Are you turning 65 in 2010? If so, you are now eligible for Medicare. You might be starting out looking for information for the type of coverage you need. Or, perhaps you have decided to enroll in Original Medicare with a Medicare Supplement (Medigap) Plan.
About Medigap Plans
The first thing you must recognize is that each and every Medigap plan no matter who offers the plan, are all identical. From Plan A to Plan M everything that is offered must be the same from one provider to another. The only difference is price. So you need to call around to those companies who are writing the plans in your area and get a quote. You would be surprised that the quotes can differ in some instances by almost $200 per month.
One of the drawbacks of a Medigap plan is you generally don’t have any rights to switch to a different plan. There isn’t any open enrollment for Medigap plans. There may be some chance to switch during your initial six-month open enrollment or if you are eligible for any type of guaranteed issue rights.
June 2010 - Medigap plans are changing:
- Medigap Plans E, H, I and J are being eliminated and are no longer offered
- Hospice Part A co-insurance becomes a core/basic benefit in all plans.
- Plan G increases the benefit for Part B Excess Charges to 100%
- Two new Medigap plans M and N become available
The two new Medigap plans, M and N have similar benefits to Plan D, but with more cost sharing
Plan M – Covers 50% of the Part A deductible and none of the Part B deductible. It is expected to cost about 85% of what a Plan F would cost.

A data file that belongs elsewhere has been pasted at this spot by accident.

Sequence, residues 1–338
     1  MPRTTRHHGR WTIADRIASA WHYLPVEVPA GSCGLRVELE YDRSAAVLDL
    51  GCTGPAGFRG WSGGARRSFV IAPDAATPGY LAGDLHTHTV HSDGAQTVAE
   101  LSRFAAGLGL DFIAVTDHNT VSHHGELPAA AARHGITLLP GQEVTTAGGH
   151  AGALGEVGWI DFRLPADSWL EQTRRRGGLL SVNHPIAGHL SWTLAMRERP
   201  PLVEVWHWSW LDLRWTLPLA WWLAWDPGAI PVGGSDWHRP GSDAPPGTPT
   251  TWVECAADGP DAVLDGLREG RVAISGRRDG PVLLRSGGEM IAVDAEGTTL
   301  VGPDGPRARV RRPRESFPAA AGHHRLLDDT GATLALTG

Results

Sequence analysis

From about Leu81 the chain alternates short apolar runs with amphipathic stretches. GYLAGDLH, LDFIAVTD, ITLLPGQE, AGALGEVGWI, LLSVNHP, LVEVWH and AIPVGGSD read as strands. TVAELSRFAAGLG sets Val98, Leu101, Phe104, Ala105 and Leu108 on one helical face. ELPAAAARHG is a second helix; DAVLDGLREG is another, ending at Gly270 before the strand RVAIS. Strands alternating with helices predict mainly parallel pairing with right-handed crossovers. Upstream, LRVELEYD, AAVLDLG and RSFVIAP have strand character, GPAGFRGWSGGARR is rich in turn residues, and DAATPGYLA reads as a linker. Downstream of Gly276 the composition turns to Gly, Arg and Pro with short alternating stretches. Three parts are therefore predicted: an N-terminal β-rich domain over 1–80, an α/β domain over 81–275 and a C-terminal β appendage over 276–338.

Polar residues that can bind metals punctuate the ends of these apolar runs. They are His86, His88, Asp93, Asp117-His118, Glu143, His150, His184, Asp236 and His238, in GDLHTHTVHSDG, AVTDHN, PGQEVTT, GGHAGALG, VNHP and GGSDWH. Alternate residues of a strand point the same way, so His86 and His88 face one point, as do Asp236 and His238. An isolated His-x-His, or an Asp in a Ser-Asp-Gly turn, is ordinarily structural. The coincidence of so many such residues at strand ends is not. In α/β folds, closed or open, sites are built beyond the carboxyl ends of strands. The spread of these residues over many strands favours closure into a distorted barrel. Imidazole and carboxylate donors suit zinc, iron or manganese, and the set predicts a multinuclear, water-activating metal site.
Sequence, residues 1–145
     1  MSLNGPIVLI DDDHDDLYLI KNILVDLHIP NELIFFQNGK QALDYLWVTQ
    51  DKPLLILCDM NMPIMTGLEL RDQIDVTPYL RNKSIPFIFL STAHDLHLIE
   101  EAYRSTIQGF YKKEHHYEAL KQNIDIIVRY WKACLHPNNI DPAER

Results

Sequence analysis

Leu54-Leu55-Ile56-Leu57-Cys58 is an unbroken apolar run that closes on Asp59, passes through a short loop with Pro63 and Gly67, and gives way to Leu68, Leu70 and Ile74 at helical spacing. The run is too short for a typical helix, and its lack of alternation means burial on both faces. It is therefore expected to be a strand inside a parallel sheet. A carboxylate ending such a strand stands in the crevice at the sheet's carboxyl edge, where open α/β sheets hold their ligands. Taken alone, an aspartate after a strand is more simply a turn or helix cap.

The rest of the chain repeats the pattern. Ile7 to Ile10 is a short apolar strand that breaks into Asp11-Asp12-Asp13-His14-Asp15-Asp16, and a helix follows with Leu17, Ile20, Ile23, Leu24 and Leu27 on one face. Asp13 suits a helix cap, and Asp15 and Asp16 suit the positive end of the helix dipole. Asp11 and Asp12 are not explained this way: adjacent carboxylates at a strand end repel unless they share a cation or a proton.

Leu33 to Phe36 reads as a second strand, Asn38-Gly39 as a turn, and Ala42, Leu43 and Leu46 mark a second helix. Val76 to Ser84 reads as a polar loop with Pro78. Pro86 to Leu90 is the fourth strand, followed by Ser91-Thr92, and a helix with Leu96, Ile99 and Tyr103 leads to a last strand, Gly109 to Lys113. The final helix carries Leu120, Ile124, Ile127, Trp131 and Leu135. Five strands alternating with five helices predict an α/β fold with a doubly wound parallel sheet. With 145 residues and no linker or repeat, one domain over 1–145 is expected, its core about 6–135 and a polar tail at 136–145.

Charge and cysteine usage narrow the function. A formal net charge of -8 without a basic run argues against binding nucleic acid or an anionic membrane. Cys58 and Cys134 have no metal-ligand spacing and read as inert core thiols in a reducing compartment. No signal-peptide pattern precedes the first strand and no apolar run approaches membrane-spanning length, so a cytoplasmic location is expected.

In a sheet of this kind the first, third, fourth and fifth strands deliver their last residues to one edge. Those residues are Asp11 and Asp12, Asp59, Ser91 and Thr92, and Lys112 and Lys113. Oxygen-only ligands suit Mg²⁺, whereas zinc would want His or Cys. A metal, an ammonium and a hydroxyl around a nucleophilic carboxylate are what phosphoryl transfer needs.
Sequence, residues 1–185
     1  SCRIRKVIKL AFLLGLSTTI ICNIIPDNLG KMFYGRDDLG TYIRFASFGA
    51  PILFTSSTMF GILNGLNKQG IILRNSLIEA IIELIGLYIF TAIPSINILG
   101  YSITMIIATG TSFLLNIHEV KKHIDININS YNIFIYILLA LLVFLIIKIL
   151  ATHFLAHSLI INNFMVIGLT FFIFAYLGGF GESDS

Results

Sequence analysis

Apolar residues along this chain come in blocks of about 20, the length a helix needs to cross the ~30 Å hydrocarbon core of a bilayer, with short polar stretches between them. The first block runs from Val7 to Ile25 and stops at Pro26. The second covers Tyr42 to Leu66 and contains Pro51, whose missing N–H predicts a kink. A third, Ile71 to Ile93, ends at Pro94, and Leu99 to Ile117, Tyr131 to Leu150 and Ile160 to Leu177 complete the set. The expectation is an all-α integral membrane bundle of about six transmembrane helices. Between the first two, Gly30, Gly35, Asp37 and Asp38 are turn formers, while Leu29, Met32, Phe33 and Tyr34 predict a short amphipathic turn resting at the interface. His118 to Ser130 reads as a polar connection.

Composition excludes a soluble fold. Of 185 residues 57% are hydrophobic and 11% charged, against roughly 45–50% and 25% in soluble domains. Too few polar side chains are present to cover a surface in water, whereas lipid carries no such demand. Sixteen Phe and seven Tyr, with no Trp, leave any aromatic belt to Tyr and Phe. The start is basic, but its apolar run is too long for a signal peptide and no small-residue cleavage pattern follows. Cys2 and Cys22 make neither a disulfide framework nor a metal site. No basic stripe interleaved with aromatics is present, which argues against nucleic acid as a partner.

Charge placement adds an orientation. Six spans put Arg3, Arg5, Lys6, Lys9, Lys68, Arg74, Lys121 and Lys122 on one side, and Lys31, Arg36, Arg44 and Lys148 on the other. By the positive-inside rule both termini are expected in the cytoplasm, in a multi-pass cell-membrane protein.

Plan N – has a $20 copayment after the Part B deductible has been met, for doctor visits and $50 co-pay for emergency room visits. They expect the cost of this plan to be about 70 percent of Plan F.
Confused – it is very confusing and sometimes I believe they do this intentionally. You can’t get a price unless you call one of the providers and not all providers write every plan. I found out there are only 4 providers offering Plan F in my area, but 27 providers offer Plan A.
What this really comes down to is how much you want to spend each month on supplemental insurance? I looked for the “best bang for the buck” when looking for my husband’s supplemental plan. What I found was a difference of about $35 per month from the least expensive plan to the plan with the best benefits with our provider. I also had quotes from $180 per month to over $350+ per month. We enrolled in Plan F.
Whatever you do, don’t settle on calling only one provider and getting only one quote. Go to www.medicare.gov and Compare Health Plans for a Medigap Plan. Find out what plans are available in your area, who are the insurance companies writing the plans, and what plans are they offering. It’s all there on the site except the actual monthly premium.
Medigap is all about price. Service is also important and the best reference you can get is from your doctor’s office.